When was the last time you pushed your body to its limits? When was the last time you set a goal for yourself and achieved it? Can you remember a moment when you felt so proud of yourself you didn’t stop smiling for the next several days?
August 13th 2016, the day I ran my first half marathon. 21 and a half kilometers of: joy, excitement, happiness, tiredness, fatigue, hunger, thirst, pain, love, appreciation, and SO MUCH MORE! This was the first time in my life I have felt so fulfilled with not only gratitude but also pride in myself.
My journey leading up to the race was nothing compared to how I had planned it to be. It all began October 2015 when two of my girlfriends and I decided to sign up for the Vancouver Sea wheeze half marathon. Since University had torn us all to different cities and our schedules never seemed to line up we thought this would be the perfect opportunity to see each other. The catch, only one of us had ever run a half marathon….
For me, running has always been something I enjoyed doing. Whether it’s running through the forest, alongside the ocean or swerving through the buzzing streets of the city. It has been an outlet when times have been tough and comforting when I have needed to find clarity. Running has been something I have done off and on whether just for pleasure or as part of a training plan but never would I have imagined myself training as a true runner.
With a busy work schedule and hot summer weather creating time to exercise proved to be more difficult than I had anticipated. My original four-month training plan turned into scattered runs with the odd gym routine thrown in. Which then evolved into an intensive six-week running plan that became one long run every Saturday for six weeks (each week increasing my distance by 2km). Nonetheless, although I did not train as hard as I had wanted nor did I stick to much of a plan, I felt ready. Instead of focusing on my failure of not adhering to my schedule I focused instead on my achievement of taking each day as it came and created new ways to reach the same end goal. Whether or not my training went as I had intended I got there.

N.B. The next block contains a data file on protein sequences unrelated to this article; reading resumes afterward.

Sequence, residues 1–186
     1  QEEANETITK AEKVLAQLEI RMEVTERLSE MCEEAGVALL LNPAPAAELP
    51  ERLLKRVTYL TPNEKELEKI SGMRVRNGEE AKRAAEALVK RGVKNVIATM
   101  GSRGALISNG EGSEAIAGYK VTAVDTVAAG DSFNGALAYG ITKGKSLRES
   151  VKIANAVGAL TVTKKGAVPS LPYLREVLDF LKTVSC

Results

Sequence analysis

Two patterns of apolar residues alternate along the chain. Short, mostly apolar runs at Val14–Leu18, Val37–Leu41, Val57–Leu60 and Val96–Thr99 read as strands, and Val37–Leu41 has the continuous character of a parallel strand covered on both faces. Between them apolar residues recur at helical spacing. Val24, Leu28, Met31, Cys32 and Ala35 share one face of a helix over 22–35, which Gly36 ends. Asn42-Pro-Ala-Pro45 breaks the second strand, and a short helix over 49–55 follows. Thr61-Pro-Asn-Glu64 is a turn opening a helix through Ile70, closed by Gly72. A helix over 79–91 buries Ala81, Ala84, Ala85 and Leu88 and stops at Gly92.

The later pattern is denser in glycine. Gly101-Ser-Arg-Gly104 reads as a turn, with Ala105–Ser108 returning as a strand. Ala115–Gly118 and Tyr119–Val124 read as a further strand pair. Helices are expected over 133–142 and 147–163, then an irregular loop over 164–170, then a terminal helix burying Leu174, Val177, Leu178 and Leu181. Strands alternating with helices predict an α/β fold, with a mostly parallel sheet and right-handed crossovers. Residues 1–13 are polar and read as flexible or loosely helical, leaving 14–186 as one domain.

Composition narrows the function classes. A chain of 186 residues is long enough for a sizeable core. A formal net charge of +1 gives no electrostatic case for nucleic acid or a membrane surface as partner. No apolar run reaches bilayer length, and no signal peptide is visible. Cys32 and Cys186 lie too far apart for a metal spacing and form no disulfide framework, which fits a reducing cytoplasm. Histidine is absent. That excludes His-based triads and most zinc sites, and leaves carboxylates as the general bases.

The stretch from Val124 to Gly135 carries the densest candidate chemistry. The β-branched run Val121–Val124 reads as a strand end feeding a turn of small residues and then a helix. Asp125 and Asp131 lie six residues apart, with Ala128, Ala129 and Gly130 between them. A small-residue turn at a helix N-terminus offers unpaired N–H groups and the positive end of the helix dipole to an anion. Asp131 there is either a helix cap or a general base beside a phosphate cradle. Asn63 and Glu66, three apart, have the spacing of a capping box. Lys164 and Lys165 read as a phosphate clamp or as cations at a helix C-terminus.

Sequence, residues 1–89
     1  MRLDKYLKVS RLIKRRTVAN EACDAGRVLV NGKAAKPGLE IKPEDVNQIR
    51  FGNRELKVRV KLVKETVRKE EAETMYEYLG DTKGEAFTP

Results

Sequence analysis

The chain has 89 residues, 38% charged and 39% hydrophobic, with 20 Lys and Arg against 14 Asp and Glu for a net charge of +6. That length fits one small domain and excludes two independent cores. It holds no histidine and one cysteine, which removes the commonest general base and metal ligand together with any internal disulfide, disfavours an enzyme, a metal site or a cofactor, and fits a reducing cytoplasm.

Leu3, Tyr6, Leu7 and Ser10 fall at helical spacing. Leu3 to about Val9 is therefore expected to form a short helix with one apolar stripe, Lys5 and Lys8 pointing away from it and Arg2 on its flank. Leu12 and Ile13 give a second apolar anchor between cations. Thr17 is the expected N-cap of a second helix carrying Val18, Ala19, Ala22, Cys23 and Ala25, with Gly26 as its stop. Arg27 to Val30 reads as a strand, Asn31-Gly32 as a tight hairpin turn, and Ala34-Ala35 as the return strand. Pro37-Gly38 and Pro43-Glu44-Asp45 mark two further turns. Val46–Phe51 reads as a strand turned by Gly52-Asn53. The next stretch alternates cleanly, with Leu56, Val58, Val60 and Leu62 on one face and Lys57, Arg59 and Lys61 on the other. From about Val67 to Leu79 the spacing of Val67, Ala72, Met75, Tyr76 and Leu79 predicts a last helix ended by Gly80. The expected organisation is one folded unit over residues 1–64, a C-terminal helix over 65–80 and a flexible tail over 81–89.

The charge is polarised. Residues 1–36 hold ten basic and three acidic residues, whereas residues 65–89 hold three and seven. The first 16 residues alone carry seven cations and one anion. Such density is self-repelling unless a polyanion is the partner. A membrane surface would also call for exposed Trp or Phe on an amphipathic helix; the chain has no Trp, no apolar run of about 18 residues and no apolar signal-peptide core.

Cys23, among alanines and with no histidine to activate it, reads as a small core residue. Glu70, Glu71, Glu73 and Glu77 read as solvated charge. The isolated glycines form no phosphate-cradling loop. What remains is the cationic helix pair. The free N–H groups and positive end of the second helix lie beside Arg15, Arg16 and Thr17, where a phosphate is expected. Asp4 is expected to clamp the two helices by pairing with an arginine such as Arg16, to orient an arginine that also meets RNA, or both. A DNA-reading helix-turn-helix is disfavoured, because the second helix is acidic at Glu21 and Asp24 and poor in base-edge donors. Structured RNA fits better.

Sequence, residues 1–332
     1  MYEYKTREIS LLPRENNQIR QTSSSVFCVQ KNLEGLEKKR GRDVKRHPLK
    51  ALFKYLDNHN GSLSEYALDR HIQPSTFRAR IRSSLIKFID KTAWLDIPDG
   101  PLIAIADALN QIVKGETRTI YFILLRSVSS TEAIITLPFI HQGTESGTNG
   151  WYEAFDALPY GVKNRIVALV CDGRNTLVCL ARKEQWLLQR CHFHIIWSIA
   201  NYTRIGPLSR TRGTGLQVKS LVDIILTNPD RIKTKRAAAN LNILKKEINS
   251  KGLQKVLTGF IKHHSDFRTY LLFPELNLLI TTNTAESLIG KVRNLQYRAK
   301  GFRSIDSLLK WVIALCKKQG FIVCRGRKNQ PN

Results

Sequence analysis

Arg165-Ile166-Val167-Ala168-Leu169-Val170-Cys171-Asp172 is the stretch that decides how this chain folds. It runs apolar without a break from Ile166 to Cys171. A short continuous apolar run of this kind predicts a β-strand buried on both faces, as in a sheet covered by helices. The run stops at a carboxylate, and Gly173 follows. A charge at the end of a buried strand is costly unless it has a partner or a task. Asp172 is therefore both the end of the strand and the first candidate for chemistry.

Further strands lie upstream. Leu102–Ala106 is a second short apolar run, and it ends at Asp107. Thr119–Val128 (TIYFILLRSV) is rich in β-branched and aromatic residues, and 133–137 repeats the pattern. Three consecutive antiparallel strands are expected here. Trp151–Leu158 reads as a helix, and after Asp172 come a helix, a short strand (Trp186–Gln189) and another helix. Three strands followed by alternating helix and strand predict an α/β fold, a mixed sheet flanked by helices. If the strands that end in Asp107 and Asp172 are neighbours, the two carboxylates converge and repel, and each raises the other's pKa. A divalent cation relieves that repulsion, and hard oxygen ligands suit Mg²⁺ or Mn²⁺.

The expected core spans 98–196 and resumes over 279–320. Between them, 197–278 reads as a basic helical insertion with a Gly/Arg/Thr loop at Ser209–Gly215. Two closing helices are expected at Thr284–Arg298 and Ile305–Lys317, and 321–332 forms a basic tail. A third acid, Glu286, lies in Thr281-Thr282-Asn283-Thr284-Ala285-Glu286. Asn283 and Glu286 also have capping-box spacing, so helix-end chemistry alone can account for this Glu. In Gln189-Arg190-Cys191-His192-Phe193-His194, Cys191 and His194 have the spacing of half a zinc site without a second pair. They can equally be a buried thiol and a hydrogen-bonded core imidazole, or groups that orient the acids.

The run was nothing short of extraordinary. Everything from the venue to the entertainment, the free swag to the many high fives and hugs given throughout the race. Every part, no matter how small it may have seemed, was integral to this incredible experience.
The run started with alternating heats of runners, each group getting a chance to explode off the line as smoke cannons went off and while people cheered over the upbeat music playing in the background. The run took place along Vancouver’s famous seawall which proved to be more spectacular than anything I could have ever imagined. The way the pink sky transformed to a vibrant shade of blue seemed like a work of art. The quite city streets electrified with excitement and overflowed with inspiration. Faces were filled with determination while bodies glowed with achievement. We were doing it. We were doing what some people only ever dream of doing, pushing our bodies to their limits and in return watching them surpass any expectation.
The first few kilometres were a breeze, they seemed to fly by as I was encapsulated by the incredible scenery and atmosphere. But as the mileage increase so did the difficulty. I had two options: take a short break and walk (something I am not against but before the race told myself I would not do) or push through. I chose the latter. Each stride came as a new challenge but each distant cheer encouraged my body to keep going. Only 4.5km left. As I kept pushing myself each kilometre began to feel shorter than the previous, I slowly gained back some speed and fell back into a groove. 21 km, I could see the end. I gave one last push, used any once of energy I happened to have left. Sooner than I could even think I had made it. 21 and a half km. I did it. I looked around me, taking in this magical experience, memorizing every little detail so I could play it again later. As I did this the biggest smile crept across my face, as if my brain and body had just realized what they had done. I don’t think I stopped smiling that day, or even the next, flash-forward a month later and the thought still brings me so much joy.
I do not know what my future in running holds, whether I will compete in more half-marathons or one-day graduate to a full marathon. But for now I will enjoy this sense of accomplishment and hold closely this new feeling of pride for myself. I hope that one day YOU are able to find something outside your norm that pushes you both mentally and physically and that you crush it. Because there is truly no better feeling than being overwhelmed with pride for yourself.